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Bryan's Blog 2009/01/30
when the paparazzi are ok
I stumbled across this a week or two ago, and have had it sitting tabbed waiting for a response since, because it really got my goat!
The basic thesis of the writer is that it's a bad idea for someone to wander round a poster session at a (scientific) conference, snapping away at the posters using a camera. Leaving aside the issue that I thought I was the first person to think of doing this with a camera phone (obviously not), like I say, it got my goat!
His justification of his position comes down to the fact that he sees "taking" (information) without "giving" (feedback) as not keeping up with the takers part of a two-way process. He's also worried about what he calls "espionage", and data getting discussed before it's peer reviewed.
Firstly, as to the taking without giving: In some communities, presenting is the price of attendance, the feedback is incidental. In all communities only a tiny percentage of attendees ever give feedback. Does not giving feedback mean I can't/shouldn't listen (to a talk)? Can't read (a poster)? Given how much it costs (in time, money, and emissions) to go to a conference shouldn't we make damn sure we get as much as possible. I could never engage with (or often even read) all the posters at many conferences.
As to the "discussion" before peer review. What's the point of putting an idea into the community if you don't want it to be discussed? (Risk of the data being analysed by someone else I hear him respond? They can't publish it without credible provenance, so what's the issue, the idea was out the moment you took it to a conference?)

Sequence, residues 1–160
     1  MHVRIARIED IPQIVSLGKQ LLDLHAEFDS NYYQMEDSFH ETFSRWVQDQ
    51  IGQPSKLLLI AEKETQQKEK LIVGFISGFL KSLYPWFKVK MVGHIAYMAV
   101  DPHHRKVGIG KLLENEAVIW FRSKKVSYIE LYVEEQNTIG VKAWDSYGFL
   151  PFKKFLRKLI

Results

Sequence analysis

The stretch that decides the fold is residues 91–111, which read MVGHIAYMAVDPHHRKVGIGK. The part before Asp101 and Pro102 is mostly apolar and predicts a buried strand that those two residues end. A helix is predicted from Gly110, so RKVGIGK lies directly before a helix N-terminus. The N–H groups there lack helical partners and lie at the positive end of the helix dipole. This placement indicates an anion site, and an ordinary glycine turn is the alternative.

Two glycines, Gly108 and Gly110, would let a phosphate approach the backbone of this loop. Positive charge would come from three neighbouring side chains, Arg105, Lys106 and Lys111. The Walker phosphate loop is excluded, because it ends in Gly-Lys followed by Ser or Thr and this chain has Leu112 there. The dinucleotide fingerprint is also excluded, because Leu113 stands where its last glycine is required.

Finally, in my opinion, the best conferences make sure the posters (and the presentations if you're really lucky) are on a memory stick and/or in a repository, so I can have access later. If they don't do that, how is not better for me to at least take a copy so I can read it later?
Science is about communication. Anything that hinders communication hinders science. Attribution is important, but a camera copy of a paper doesn't make attribution any less likely than publication, in fact, if we extrapolate from the open access experience, it's likely to make attribution more likely.
by Bryan Lawrence : 2009/01/30 : 0 trackbacks : 0 comments (permalink)
bbc goes to rdf
And not only that, they built their domain model first then built an RDF ontology:
We set about converting our programmes domain model into an RDF ontology which we've since published under a Creative Commons License (www.bbc.co.uk/ontologies/programmes/). Which took one person about a week. The trick here isn't the RDF mapping - it's having a well thought through and well expressed domain model. And if you're serious about building web sites that's something you need anyway.
Someone once said to me that RDF wasn't big out there. Well I knew it was, and maybe he will believe me now!